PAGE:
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Addresses

At 4 Frederick Street, Taringa, Queensland 4068

Type of place

Hall

Period

Federation 1890-1914

Style

Free Style

This is an image of the Taringa Masonic Hall

Taringa Masonic Hall

This is an image of the Taringa Masonic Hall from Moggill Road

Taringa Masonic Hall from Moggill Road

Taringa Masonic Hall (former)

Taringa Masonic Hall (former) Download Information (pdf, 1.83 MB)

Addresses

At 4 Frederick Street, Taringa, Queensland 4068

Type of place

Hall

Period

Federation 1890-1914

Style

Free Style

The Taringa Masonic Hall (former) was built in 1902 and is demonstrative of the way Taringa expanded in the Federation period. Built by and for the Taringa Masonic Lodge the substantial timber hall played a large role not only in the lives of the members of the lodge but also in the lives of the Taringa community as a centre for social activity. The hall is important as the only Federation period community building remaining in the Taringa village that reflects the early development of the area.

Lot plan

L3_RP121046; L9_RP23653

Key dates

Local Heritage Place Since —

Date of Information —

Construction

Roof: Corrugated iron;
Walls: Timber

People/associations

Edwin John Grigg (Builder)

Criterion for listing

(A) Historical; (B) Rarity; (D) Representative

Interactive mapping

City Plan Interactive Mapping

Lot plan

L3_RP121046; L9_RP23653

Key dates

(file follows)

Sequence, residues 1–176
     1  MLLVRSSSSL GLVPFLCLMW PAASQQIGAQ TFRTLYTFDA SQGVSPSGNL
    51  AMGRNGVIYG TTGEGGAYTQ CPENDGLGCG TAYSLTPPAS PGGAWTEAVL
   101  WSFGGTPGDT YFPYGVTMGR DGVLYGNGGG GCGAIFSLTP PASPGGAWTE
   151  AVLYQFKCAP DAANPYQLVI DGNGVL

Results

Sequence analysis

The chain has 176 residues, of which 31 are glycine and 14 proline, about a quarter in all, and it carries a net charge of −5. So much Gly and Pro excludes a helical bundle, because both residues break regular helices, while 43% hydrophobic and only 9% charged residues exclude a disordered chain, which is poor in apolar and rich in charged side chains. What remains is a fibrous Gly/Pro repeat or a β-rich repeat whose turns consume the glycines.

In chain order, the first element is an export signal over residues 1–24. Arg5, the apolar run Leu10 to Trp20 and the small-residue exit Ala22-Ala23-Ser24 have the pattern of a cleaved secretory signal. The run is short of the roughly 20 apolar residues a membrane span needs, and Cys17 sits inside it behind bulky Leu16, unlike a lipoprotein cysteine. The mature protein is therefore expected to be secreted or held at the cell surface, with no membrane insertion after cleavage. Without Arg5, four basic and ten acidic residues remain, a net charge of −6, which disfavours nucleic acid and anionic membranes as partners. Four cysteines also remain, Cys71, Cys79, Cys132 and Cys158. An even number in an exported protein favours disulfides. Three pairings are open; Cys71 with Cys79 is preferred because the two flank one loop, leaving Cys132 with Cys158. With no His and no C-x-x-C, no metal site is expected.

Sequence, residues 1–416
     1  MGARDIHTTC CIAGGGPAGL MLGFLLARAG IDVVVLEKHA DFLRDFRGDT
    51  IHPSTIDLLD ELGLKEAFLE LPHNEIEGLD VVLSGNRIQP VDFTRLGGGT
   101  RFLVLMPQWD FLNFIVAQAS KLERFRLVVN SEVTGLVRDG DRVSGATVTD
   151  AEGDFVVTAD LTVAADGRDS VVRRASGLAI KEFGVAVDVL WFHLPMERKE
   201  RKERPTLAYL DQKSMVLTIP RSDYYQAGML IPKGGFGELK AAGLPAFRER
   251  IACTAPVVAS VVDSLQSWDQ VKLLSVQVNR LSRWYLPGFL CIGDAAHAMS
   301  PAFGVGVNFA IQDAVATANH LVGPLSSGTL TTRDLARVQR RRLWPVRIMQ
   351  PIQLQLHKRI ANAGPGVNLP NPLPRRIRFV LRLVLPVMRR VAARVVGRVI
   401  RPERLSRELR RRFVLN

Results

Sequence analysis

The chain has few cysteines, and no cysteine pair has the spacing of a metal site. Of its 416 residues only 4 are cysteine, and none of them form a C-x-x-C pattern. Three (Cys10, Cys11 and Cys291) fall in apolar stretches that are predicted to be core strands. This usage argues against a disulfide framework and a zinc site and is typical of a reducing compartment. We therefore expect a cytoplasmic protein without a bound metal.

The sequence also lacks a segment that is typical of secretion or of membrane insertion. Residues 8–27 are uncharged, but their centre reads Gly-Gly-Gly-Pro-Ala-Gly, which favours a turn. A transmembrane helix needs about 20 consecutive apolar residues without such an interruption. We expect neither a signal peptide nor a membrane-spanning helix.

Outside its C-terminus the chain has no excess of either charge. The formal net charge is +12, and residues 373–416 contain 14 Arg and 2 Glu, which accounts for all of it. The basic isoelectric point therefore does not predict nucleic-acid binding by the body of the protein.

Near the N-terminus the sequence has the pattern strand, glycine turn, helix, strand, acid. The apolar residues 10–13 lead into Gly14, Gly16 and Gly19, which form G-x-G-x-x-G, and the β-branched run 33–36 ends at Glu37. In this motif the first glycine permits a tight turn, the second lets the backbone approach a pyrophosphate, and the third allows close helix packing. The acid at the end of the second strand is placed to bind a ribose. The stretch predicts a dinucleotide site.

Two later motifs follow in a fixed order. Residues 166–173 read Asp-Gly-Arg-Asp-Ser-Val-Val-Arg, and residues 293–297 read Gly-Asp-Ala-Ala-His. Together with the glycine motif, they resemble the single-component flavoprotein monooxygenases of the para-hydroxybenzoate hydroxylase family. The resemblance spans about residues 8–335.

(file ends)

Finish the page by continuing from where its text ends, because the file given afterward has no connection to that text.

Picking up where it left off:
Local Heritage Place Since —

Date of Information —

Construction

Roof: Corrugated iron;
Walls: Timber

People/associations

Edwin John Grigg (Builder)

Criterion for listing

(A) Historical; (B) Rarity; (D) Representative

Interactive mapping

City Plan Interactive Mapping

History

The area now known as Taringa was a large land holding owned by Mr. McGrath in the 1860s. Very little development occurred in this period. Closer settlement of the area was stimulated by the construction of the railway linking Brisbane and Ipswich. Work started in 1873 with the Railway Commissioner acquiring parts of Louis Stamp’s property at Indooroopilly. The Taringa Station was originally situated closer to the Indooroopilly Station and was opened in 1875. Early rail services to Ipswich included a ferry ride across the river until the first railway bridge was completed in 1876.

As a result of the coming of the railway increased development around Taringa Station occurred. New houses, shops and facilities appeared as the area was subdivided and settled. The efficient public transport into the city meant that many white-collar workers began to call Taringa home and throughout the district large, architect designed homes were built. On 8 October 1900 the Taringa State School was opened.

Prior to the construction of the Taringa Masonic Hall in 1902 the Taringa Lodge had held its meetings in several unsatisfactory venues, including a school room, a house at Indooroopilly and the Taringa Methodist Church. In a response to this the Taringa Masonic Lodge established a building committee; their first task was to find a suitable site on which to build the new hall. In 1900 a thirty-two perch block was purchased for £60 for the Masonic Hall on the corner of what was then Moggill Road and Frederick Street, Taringa. The trustees listed on the Title Deeds were Joseph Robert Loney, James Symington Lightbody, Ernest James Harding, David Guyatt, Isaac Hodgson and Henry Duffield Irwin.